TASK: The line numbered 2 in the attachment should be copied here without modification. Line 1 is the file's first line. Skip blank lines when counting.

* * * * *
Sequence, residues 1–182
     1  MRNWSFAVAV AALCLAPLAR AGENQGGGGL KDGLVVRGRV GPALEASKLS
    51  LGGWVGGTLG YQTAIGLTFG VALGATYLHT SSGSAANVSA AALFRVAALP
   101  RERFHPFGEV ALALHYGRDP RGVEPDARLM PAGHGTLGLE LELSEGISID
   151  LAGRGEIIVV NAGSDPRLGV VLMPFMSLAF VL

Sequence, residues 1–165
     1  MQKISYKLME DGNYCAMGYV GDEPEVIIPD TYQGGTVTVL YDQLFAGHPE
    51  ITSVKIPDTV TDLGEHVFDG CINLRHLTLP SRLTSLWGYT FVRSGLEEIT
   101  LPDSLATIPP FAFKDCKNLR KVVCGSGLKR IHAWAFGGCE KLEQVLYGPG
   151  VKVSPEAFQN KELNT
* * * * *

     1  MRNWSFAVAV AALCLAPLAR AGENQGGGGL KDGLVVRGRV GPALEASKLS